A Crime In The Family by Sacha Batthyany

The Blurb On The Back:

In the spring of 1945, as the Red Army approached the village of Rechnitz in Austria, Countess Margit Batthyany hosted a party in her ancestral home.  Around midnight, the guests – German aristocrats and SS officers – left the castle and shot 180 Jewish labourers waiting in the village below.  The bodies disappeared into a mass grave: the massacre remained a secret for decades, until Countess Margit’s great-nephew began to ask questions.

This is the story of those questions, and of the answers Sacha Batthyany found: of how an atrocity was concealed and how it was uncovered.  It is a story of Nazi Germany, of the gulags of Siberia, of Budapest in the darkest days of the Cold War, of an Auschwitz survivor alive today in Argentina, and of whole generations of Europeans: monsters and heroes, executioners and victims.

A Crime In The Family is a singular and heart-rending true story, told by an extraordinary writer confronting not only his family’s past but humanity’s. 

The Review (Cut For Spoilers):

Journalist, Sacha Batthyany lives in Switzerland, which is where his Hungarian grandparents moved following his grandfather’s release from a Russian POW camp (his aristocratic family having lost everything when the Communists took over).  He thought he knew most of the family stories, but then a newspaper publishes a story about his great aunt (Countess Margit Batthyany) who apparently hosted a party for a number of high-ranking Nazi guests at her castle in Rechnitz, Austria in spring 1945 during which Margit and her guests allegedly murdered 180 Jewish labourers.  Horrified, he decides to investigate only to find that looking at one atrocity leads to the discovery of other family secrets that are almost as dark …

Sacha Batthyany’s non-fiction book (translated from German by Antha Bell) mixes memoir with history and self-reflection to mixed effect, in part because having set up the atrocity involving his great aunt, he drops it when his family say that Margit didn’t take part without really looking for any corroborating evidence.  Instead Batthyany digresses into reviewing the rough draft of a memoir compiled by his grandmother but left unfinished when she died, discovering her experiences both during and after the war including a reference to an atrocity she witnesses, which he then ties in with the experiences of Agnes, a Jewish girl who lived in the village near his grandmother and was taken to a concentration camp.  He uses this to explore his own feelings about the guilt and helplessness that came from both his family’s part in the War his grandfather’s experiences in a Russian camp, which involves Batthyany and his father going on a trip to see the actual camp.  The problem is that after a while it begins to seem uncomfortably narcissistic (although it’s understandable given that his family just don’t seem to want to talk about it) while his imagined scenes involving his family members discussing certain events are fake and unconvincing.  The message that seems to come out of the book is that everyone suffered both during and after the war and while it would be naïve to ignore the crimes of Stalin and the Russian Communist regime, I wasn’t comfortable with the clumsy attempt to put it on a level with the Holocaust.  Ultimately I wasn’t sure what Batthyany was trying to achieve with this book and I got the feeling that he didn’t know either.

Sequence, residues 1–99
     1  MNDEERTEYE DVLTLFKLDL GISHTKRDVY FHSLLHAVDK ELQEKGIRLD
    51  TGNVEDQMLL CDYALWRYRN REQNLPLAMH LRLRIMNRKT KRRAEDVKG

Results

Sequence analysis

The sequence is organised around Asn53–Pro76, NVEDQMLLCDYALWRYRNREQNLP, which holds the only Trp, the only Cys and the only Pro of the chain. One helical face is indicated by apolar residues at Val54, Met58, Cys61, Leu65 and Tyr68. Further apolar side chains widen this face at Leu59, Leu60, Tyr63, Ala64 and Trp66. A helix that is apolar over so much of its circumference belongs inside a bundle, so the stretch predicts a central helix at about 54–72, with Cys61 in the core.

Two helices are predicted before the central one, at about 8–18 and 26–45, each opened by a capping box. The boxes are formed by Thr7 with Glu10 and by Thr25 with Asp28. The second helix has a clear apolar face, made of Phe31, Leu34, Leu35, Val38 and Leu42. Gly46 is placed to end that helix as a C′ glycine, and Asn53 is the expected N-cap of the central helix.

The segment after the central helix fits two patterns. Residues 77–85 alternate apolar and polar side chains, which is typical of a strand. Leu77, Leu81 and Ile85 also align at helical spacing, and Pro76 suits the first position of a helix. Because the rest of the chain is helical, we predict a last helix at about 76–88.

A CRIME IN THE FAMILY was released in the United Kingdom on 9th March 2017.  Thanks to the Amazon Vine Programme for the review copy of this book.

2 thoughts on “A Crime In The Family by Sacha Batthyany

  1. You wrote, “…while it would be naïve to ignore the crimes of Stalin and the Russian Communist regime, I wasn’t comfortable with the clumsy attempt to put it on a level with the Holocaust.” I’m not sure what you mean. Are you acknowledging that the Holocaust was terrible and the Stalin regime was even worse, and that you found the author’s attempt to find equivalence was clumsy?

    Liked by 1 person

  2. Hi George

    Thank you for your comment – it’s a fair question as I wasn’t very specific.

    I think that in the context of this book the attempt to equate the Holocaust with Stalin’s regime was clumsy. That’s not because I have a specific view on whether one event was worse than the other (they’re both crimes against humanity and calculated evil and it cheapens the suffering of the victims of both if you boil it down to numbers or try to “score” the barbarity) but because when you read the book, the event that sparked it was the discovery by Batthyany about the alleged actions of his great aunt. He then apparently abandons that when his relatives said she probably didn’t do it and goes into the experiences of Agnes (which are all as awful as you’d expect) and then he draws in the experiences of his grandfather under Stalin’s regime which is also awful but when you track it from those two earlier sections then for me it didn’t quite sit right.

    I think that if he’d done a full investigation into the allegations of his great aunt and then had those segments then it would have come across as a more balanced read because you could contextualise it. The apparent refusal though to look at the potential war guilt in his own family and instead focus on his family’s suffering made it seem to me almost like he’s saying that potential war guilt should be discounted because of what happened after.

    Does that make sense?

    It’s a really difficult thing to explain because it’s such a strange book.

    Like

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